After the Asian community, the Hispanics are the most numerous in San Francisco. The neighbourhood of Mission District or simply The Mission is one the most representative in this sense, with architecture, shops and restaurants of clear mexican and latin influence. Come here to see the beautiful street art in Balmy Alley, eat lunch in an authentica Mexican cantina and to enjoy the colourful and alternative atmosphere.
TIP: go to La Taqueria restaurant to taste the best tacos and burritos in San Francisco!
DAY 3 – ITINERARY OF SAN FRANCISCO
Last day in San Francisco, but the best is yet to come!
Take a bus (or walk up if you still have the energy!) and head to Lower Haight neighbourhood. Opposite the nice park at Alamo Square are the charming Painted Ladies, a.k.a. the famous rainbow terraced houses. Perfect for a postcard shot with San Francisco’s skyline in the background.
Also nearby are other similar Victorian style houses, above all in next door ‘hood of Haight-Ashbury.
There are so many ethnic neighbourhoods in San Francisco, other than Chinatown and The Mission. Not far from the Painted Ladies are Japantown and Little Saigon (Vietnam), whereas the area of North Beach is nicknamed Little Italy due to the large number of Italian immigrants. Lastly a mention to tiny Little Russia, which goes to prove how cosmopolitan San Francisco is.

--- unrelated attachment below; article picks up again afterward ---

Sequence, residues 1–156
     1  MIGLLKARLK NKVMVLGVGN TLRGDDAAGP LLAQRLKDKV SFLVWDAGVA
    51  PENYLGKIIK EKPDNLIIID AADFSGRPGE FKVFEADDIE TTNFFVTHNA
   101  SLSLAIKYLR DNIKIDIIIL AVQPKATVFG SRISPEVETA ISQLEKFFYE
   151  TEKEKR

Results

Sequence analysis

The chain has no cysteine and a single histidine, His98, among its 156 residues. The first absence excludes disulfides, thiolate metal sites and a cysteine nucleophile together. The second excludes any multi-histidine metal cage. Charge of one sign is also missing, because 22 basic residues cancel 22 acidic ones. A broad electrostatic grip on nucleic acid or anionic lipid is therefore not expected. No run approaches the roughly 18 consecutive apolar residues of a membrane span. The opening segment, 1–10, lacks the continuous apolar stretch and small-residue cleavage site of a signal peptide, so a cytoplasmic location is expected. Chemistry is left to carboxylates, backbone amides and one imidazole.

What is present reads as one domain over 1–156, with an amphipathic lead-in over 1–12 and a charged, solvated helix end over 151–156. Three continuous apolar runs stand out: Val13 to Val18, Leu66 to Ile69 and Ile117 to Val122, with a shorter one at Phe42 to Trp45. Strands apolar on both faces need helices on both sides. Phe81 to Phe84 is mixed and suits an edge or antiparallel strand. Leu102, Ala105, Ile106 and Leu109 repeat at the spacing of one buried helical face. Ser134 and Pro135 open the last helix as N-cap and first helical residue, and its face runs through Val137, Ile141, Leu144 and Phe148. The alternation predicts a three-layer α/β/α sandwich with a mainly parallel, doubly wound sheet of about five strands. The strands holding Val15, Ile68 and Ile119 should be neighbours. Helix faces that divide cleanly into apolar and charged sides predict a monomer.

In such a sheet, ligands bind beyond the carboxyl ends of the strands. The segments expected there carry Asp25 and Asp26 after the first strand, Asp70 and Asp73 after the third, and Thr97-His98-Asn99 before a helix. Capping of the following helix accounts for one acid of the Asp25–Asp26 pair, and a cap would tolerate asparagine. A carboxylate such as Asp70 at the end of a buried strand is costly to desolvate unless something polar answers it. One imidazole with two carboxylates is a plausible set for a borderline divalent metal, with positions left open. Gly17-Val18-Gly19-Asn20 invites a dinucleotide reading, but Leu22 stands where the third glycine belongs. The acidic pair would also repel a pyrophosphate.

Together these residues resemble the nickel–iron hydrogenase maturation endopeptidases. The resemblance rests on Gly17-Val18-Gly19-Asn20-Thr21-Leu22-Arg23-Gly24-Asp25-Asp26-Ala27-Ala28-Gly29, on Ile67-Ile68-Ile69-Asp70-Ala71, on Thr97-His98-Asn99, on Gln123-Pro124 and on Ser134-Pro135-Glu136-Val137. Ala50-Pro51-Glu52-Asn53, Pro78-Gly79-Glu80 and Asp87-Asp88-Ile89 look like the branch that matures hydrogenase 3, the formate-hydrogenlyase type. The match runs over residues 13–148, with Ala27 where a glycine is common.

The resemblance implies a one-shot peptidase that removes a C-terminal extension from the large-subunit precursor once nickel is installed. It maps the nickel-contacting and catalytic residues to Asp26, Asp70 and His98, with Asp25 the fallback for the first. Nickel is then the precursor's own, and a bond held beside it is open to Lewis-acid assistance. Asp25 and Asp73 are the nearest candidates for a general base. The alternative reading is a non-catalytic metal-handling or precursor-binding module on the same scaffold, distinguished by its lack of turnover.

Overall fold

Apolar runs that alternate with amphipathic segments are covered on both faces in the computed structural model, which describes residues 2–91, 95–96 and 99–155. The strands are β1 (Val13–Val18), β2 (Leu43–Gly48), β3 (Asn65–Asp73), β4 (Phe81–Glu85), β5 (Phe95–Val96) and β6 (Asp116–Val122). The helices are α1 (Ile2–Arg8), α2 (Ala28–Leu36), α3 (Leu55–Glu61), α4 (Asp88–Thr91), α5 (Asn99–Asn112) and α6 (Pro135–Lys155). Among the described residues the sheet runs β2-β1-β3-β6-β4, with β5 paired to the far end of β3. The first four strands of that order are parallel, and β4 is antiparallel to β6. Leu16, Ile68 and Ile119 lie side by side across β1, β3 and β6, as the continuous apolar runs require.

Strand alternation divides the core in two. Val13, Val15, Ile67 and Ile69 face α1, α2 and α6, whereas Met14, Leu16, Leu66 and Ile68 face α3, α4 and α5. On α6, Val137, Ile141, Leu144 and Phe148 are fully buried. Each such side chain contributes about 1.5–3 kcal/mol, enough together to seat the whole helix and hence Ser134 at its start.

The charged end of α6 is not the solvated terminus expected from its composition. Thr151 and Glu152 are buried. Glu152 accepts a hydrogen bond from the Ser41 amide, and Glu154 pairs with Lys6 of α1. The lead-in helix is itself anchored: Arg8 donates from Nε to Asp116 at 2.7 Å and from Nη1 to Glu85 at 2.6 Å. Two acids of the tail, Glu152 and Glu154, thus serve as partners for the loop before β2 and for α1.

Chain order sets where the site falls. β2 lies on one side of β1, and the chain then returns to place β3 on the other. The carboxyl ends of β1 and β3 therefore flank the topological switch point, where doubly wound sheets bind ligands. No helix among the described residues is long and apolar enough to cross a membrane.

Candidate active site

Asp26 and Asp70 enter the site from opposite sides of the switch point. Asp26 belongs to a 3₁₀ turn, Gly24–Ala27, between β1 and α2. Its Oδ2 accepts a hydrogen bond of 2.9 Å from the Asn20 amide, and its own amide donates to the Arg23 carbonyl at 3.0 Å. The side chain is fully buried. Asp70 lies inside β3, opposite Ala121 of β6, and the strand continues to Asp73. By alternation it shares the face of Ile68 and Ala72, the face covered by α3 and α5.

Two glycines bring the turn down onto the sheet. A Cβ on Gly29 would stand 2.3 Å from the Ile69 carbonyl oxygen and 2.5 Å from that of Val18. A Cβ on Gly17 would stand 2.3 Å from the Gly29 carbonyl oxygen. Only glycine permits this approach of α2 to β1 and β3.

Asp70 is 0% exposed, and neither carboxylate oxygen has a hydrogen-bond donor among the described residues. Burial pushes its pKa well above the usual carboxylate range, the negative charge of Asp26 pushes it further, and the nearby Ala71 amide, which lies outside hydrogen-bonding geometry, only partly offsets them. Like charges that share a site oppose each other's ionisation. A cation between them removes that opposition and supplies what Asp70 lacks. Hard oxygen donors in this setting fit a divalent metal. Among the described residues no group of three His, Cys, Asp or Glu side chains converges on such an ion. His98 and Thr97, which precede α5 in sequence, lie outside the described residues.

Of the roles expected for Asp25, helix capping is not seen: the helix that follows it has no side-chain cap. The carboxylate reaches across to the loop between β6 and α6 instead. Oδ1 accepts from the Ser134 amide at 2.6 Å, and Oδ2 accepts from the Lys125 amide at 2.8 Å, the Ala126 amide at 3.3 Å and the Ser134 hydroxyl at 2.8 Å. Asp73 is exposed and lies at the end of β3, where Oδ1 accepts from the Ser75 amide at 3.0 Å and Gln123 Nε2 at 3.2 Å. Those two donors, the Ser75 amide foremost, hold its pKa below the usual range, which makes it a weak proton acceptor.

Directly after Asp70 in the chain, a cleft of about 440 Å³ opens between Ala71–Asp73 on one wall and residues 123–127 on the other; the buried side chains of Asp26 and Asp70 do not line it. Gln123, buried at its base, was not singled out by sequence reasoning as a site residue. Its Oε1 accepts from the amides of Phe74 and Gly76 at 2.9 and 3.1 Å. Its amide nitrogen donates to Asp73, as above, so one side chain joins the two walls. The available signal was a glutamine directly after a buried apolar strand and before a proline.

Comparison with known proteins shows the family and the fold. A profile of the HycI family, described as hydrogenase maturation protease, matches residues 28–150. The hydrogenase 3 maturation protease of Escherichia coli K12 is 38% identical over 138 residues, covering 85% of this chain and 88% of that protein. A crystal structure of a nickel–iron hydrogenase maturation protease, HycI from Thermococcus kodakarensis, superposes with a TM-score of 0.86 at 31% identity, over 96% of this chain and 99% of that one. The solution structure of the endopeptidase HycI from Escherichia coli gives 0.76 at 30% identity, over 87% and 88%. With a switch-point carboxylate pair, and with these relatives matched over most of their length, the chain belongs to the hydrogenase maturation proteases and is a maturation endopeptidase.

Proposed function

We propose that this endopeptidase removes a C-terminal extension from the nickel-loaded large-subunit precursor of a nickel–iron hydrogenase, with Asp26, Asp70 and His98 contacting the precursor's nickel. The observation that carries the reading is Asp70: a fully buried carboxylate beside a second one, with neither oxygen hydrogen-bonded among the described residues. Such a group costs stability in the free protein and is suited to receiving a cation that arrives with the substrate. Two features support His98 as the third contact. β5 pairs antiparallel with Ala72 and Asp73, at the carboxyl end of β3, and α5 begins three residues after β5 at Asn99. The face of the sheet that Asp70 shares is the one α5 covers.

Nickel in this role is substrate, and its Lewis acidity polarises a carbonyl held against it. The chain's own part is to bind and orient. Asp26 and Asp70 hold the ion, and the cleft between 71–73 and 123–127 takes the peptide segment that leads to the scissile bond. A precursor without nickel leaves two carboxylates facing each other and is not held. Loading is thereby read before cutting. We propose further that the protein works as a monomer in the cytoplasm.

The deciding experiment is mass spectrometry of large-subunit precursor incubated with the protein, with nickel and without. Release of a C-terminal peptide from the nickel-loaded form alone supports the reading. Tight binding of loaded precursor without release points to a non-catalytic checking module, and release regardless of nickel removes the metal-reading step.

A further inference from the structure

PRESIDIO OF SAN FRANCISCO
We move northwest towards the Golden Gate Bridge. The bridge is preceded by huge Park of the Presidio of San Francisco, known in the past as El Presidio Real de San Francisco. Here the Spaniards had built fortifications during the dominion of the Spanish Colonial Empire in 18th century.
With several kilometres of walking and cycling paths, a golf course and plenty of panoramic views, the Presidio is a mecca for spending time outdoors, other than being the largest park close to the city, followed by the Golden Gate Park.
Don’t underestimate distances and plan your movements well. The park is over 600 hectares wide, as well as nearby Golden Gate Bridge is 2,7 km-long overall! Better rent an e-bike or a GoCar, otherwise get a taxi or Uber if you are not driving.
Among the best views in Preisidio are the Palace of Fine Arts, Crissy Fields over the San Francisco bay, and Baker Beach, the closest beach to Golden Gate Bridge.
THE GOLDEN GATE BRIDGE